Go Guerilla Or Look For International Recognition?
With a growing number of young Chinese designers debuting collections both at home and abroad — next month, Qingqing Wu will show at Mercedes-Benz Fashion Week in New York while Vega Zaishi Wang shows in Milan — and some domestic brands investing heavily in international expansion, the dilemma for “created in China” fashion hopefuls has never been more stark. Is it better to target China’s billion-plus population, ballooning middle class and fashion spendthrifts or seek acceptance overseas? Does the expectation of greater legitimacy and branding brownie points legitimize the huge risk and expense of international forays for independent designers and ambitious premium labels, or is it more lucrative and sustainable to target a broader base of potential buyers in second- and third-tier cities?
This week, Beijing-based fashion influencer and publisher Hong Huang (previously on Jing Daily) tackles these questions in her WWD ChinaFile column, casting the dilemma for fashion brands and designers as “Mao’s way” versus the “Paris runway”:
Most Chinese brands figure what worked for Mao will also work for them. Brands like Ochirly quickly became the corner store on China’s Main Street. With Western-sounding names, they are often mistaken as international brands. All this is part of the branding strategy. These brands grow quickly in China, often achieving the $100 million sales target in less than five years. Due to a lack of financing, quite a few local brands have expanded by licensing agreements with local partners. In the past year, these brands have indeed grown so quickly that they are now ready to tackle the large urban centers with flagships.
As Hong admits, this strategy — while good for faster growth — is limited by the fact that brand licensees regularly drop masterbrand guidelines in terms of design and policies. If sales figures don’t hit preset goals, it’s not uncommon for these licensees to simply drop the brand. These problems, among others, were an instrumental part of the decisions by major luxury brands like Burberry, Sergio Rossi and Dunhill to buy out their China franchising partners in recent years. A lack of brand uniformity, quite simply, hurt their brands and precluded a stronger and more solid expansion push — one that has seen the number of Burberry stores in mainland China swell to more than 50.
Looking at the other strategy for Chinese brands — international cred-seeking, which we’ve recently seen from Bosideng — Hong seems to think this will actually have more of an effect on fashion buyers abroad rather than in China itself:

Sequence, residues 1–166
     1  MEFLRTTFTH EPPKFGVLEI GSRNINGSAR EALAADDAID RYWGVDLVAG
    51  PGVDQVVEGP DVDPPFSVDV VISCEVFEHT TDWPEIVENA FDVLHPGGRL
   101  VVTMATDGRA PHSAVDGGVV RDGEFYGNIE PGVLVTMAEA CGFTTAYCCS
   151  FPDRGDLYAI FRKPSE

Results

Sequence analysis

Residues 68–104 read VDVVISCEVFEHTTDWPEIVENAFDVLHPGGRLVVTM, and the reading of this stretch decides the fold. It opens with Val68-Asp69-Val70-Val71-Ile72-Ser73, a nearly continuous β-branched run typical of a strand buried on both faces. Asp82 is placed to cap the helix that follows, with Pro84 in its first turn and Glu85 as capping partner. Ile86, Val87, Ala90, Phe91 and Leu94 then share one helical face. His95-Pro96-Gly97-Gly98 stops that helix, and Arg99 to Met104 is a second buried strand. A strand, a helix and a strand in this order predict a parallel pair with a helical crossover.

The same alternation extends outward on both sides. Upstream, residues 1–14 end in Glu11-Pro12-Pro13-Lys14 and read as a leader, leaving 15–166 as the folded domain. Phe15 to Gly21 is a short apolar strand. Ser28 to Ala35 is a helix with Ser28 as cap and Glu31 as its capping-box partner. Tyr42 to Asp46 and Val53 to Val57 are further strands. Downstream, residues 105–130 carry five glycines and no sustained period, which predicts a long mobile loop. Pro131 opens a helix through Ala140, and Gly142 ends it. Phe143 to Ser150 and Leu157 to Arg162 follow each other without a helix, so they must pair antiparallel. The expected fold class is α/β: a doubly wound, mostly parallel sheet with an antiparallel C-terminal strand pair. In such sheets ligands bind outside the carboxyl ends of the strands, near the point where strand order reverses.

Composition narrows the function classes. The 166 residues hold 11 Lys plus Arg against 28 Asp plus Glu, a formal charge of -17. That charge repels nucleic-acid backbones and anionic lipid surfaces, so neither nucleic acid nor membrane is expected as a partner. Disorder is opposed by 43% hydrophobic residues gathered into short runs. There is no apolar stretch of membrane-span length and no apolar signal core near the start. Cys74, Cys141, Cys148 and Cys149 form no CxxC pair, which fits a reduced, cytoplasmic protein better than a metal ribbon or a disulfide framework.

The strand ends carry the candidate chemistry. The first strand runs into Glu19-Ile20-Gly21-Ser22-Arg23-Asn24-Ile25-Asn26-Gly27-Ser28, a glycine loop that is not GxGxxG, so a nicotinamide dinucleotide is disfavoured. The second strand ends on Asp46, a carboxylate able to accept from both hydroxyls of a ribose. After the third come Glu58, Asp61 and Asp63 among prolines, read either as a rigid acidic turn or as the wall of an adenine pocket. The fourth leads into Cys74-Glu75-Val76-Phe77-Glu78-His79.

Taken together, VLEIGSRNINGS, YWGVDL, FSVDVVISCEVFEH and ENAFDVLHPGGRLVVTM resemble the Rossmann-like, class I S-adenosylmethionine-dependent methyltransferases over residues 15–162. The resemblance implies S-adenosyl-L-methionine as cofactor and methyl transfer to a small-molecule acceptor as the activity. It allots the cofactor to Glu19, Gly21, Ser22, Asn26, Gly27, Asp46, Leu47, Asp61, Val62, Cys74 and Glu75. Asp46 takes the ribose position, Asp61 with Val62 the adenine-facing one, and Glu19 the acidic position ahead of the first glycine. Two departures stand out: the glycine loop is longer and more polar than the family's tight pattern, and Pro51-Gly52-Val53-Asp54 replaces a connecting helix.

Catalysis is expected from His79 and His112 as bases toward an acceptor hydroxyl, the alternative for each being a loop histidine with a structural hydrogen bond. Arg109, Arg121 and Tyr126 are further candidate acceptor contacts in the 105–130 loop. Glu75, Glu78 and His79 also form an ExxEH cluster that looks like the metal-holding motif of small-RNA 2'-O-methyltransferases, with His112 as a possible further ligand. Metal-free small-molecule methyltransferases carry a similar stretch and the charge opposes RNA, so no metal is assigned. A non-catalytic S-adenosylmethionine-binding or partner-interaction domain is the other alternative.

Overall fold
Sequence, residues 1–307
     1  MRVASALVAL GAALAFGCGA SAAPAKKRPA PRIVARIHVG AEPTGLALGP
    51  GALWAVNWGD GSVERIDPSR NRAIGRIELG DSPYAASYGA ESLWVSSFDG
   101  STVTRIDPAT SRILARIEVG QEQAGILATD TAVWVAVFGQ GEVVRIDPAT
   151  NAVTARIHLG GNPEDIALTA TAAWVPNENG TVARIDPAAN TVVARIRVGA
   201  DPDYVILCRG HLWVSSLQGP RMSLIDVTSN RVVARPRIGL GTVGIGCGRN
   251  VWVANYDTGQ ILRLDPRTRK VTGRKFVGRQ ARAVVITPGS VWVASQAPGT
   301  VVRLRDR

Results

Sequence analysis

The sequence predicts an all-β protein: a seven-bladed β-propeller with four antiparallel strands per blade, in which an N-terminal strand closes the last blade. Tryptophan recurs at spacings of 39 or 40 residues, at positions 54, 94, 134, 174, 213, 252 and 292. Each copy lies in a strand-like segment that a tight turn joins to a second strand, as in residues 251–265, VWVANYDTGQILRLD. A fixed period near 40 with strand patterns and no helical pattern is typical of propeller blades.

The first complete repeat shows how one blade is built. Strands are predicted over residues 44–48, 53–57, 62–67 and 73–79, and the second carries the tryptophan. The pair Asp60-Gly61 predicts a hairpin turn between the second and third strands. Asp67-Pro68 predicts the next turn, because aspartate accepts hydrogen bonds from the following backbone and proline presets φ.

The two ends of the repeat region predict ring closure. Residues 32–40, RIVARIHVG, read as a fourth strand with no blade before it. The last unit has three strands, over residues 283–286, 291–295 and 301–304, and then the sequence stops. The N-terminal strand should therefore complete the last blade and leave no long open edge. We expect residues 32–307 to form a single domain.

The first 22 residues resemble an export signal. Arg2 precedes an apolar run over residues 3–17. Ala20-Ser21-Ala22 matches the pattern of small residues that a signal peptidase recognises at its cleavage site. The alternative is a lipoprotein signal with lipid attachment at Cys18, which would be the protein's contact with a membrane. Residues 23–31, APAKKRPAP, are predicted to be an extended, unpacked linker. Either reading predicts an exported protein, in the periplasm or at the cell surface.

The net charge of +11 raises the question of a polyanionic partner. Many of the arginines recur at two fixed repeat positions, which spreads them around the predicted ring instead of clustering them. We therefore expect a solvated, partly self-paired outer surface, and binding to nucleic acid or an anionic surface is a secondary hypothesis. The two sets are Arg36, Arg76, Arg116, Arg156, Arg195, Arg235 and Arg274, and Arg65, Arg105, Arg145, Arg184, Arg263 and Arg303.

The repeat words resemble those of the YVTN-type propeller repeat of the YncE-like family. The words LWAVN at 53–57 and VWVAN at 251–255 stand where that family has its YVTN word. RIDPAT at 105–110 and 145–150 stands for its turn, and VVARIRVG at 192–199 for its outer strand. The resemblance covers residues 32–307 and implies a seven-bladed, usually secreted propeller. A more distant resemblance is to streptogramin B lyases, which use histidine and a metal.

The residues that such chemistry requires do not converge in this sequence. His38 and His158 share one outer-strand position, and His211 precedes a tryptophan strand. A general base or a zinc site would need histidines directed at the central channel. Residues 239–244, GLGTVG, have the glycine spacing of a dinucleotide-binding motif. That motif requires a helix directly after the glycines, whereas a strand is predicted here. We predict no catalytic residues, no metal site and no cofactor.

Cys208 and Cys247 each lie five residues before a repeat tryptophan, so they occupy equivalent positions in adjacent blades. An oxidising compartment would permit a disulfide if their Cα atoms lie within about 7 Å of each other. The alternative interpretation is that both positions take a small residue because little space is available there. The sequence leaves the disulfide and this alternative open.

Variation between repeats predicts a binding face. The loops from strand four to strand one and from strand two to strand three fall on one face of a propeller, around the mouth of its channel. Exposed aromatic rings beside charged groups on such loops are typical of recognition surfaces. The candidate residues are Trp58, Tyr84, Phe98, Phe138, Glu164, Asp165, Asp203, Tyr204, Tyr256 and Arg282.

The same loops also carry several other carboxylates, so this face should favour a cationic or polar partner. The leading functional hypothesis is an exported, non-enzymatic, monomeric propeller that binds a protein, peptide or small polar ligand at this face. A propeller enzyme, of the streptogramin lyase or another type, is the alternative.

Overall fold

Although growth has slowed in China, perseverance has won some brands loyal followings among young fashionistas. And the word of mouth is getting around to a wider consumer circle. In addition, there are now more buyers in China. Aside from small boutiques, Lane Crawford has started to buy from Chinese designers, and there is word on the street that the soon-to-be-launched Neiman Marcus online store will also be buying some Chinese designs. This is when doing the Paris and Milan runways really pays off; international buyers are much more comfortable with designers they’ve seen on the European collections scene.
While Hong’s conclusion (“I wonder, why not both?”) is a bit of a cop-out, the article does a decent job of addressing some of the questions we’ve brought up before, particularly those facing independent designers. Who, for example, will really respond to Bosideng’s international expansion? Do they really think they’ll appeal to a broad swath of British shoppers? Or are these stores simply very expensive advertisements for visiting Chinese tourists, who’ll then (presumably) hold the brand in higher esteem when they return home? Will appearances at Fashion Week in New York, Paris or Milan really translate to a greater fan-base and sales in China for young designers, or will it be more worthwhile to use these appearances as a springboard to sell to fashion lovers in Europe or North America?